Nice try, eggheads. You really thought last year’s absurdity wore us down enough to just blindly believe anything you told us, didn’t you? Thought you’d kick a tired nation while it’s down, huh? Well, listen up, buckos: We call bullshit on your new crop of bomb-sniffing wi-fi spinach.
According to multiple outlets, researchers at MIT have developed a way to integrate nanotechnology into spinach leaves, transforming the plants into underground chemical sensors capable of then transmitting collected data back to humanity.
Haha. Sure thing, brainiacs.
“When the spinach roots detect the presence of nitroaromatics in groundwater, a compound often found in explosives like landmines, the carbon nanotubes within the plant leaves emit a signal. This signal is then read by an infrared camera, sending an email alert to the scientists,” explains a piece at EuroNews regarding the healthy, telepathic source of vitamin C, a concept we unilaterally refuse to believe on principle.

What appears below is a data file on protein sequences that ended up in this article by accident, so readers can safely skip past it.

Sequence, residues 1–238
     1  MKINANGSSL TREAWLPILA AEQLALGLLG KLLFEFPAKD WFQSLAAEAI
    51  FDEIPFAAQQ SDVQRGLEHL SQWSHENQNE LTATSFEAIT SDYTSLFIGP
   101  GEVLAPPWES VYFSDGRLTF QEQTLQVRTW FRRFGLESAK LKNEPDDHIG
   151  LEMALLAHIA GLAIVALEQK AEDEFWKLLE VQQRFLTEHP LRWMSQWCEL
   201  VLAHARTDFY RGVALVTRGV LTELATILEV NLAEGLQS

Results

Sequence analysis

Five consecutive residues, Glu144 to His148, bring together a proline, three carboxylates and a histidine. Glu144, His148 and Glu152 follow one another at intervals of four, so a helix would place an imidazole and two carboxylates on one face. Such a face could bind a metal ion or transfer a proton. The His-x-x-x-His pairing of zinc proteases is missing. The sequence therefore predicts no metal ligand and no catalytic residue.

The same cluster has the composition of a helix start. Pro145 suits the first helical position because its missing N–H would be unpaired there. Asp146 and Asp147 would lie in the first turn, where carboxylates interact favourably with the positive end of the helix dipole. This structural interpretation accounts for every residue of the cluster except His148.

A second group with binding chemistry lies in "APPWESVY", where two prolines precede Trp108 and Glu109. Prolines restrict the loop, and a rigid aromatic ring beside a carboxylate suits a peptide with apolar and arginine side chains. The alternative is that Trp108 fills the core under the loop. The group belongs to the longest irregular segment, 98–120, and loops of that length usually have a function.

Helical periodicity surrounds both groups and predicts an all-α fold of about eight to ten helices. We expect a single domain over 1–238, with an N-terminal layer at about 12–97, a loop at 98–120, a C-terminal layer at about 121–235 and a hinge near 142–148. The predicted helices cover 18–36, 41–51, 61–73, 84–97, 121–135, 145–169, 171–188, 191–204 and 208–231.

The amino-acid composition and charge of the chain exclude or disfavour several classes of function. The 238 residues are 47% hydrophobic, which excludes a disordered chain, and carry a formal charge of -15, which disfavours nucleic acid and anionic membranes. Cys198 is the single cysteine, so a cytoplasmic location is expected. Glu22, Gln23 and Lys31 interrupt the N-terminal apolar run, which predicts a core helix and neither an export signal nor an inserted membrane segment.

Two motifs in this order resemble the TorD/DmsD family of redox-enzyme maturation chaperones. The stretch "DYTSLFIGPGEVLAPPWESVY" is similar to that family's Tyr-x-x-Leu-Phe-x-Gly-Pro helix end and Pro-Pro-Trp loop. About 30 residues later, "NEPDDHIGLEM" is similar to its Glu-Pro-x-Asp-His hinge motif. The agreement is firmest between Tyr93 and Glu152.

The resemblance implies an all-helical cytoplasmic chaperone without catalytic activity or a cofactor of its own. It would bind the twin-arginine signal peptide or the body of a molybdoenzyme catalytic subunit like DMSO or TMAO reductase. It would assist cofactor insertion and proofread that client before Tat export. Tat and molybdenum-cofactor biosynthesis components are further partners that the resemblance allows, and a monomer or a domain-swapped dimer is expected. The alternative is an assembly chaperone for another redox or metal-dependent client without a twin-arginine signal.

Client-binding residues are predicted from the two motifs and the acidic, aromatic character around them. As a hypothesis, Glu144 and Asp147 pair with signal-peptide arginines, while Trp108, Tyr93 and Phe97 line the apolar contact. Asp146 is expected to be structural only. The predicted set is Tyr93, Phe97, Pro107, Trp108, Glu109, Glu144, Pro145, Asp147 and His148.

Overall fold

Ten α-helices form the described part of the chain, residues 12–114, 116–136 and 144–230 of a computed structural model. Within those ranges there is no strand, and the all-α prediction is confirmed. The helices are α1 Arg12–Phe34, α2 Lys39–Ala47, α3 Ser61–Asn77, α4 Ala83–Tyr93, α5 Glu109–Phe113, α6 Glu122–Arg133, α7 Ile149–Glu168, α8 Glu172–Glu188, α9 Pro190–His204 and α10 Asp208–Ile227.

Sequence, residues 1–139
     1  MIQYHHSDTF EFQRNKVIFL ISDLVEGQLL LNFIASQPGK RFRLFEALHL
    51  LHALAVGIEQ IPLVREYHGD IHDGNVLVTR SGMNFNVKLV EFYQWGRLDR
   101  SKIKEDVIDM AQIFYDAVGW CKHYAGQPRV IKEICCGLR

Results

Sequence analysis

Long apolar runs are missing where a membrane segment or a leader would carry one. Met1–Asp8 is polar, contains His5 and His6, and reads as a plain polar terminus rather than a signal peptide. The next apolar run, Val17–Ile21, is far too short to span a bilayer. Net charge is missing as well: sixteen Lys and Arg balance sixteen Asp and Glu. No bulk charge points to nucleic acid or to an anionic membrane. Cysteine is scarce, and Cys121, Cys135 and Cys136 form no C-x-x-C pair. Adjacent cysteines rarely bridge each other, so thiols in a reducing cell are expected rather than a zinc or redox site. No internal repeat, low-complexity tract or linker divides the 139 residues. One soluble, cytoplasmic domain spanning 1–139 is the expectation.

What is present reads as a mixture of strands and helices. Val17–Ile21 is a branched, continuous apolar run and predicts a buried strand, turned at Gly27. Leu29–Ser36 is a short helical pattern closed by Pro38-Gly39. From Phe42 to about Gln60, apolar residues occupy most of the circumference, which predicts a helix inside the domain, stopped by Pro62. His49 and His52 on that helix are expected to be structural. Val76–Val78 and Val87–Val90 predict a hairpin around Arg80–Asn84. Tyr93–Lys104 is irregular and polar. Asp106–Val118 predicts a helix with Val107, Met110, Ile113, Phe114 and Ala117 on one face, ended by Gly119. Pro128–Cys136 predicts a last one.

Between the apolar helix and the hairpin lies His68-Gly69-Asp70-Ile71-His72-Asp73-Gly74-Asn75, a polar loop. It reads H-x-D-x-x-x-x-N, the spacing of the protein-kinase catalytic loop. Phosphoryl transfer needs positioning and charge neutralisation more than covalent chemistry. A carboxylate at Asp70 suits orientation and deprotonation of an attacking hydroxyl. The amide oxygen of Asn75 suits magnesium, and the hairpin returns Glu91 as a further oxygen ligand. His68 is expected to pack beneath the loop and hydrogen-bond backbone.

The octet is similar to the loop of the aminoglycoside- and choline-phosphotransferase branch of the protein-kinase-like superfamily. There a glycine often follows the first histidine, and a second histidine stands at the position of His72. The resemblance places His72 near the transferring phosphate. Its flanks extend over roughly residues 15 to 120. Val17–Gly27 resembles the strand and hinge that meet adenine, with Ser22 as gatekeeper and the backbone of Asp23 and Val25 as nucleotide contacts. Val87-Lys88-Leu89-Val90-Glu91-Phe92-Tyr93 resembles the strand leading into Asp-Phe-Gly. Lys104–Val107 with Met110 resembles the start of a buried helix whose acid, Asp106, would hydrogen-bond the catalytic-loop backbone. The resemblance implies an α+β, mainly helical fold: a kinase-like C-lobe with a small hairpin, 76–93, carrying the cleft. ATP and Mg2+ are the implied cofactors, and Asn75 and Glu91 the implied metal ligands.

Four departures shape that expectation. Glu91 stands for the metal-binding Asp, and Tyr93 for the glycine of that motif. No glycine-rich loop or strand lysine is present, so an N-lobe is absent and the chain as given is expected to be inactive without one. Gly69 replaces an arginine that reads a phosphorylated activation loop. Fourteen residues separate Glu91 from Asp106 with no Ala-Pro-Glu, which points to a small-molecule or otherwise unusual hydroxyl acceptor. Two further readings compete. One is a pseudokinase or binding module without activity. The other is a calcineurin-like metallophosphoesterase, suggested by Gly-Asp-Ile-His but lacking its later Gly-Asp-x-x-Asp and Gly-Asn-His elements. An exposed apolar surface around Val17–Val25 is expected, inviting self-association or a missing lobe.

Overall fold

Okay, fine. Just for the sake of argument, we’ll humor this “news” a bit longer. Sure, these developments could usher in a whole new world of “plant nanobionics” useful in ongoing, vital climate change research and environmental monitoring. It could help things, but it won’t. Because a bunch of plant dorks are apparently trying to pull a fast one on us, and we’re too jaded to believe their folate-laden falsities.
“Plants are very environmentally responsive. They know that there is going to be a drought long before we do,” Professor Michael Strano told EuroNews. “They can detect small changes in the properties of soil and water potential. If we tap into those chemical signaling pathways, there is a wealth of information to access.”
Whatever you say, Professor Mike.
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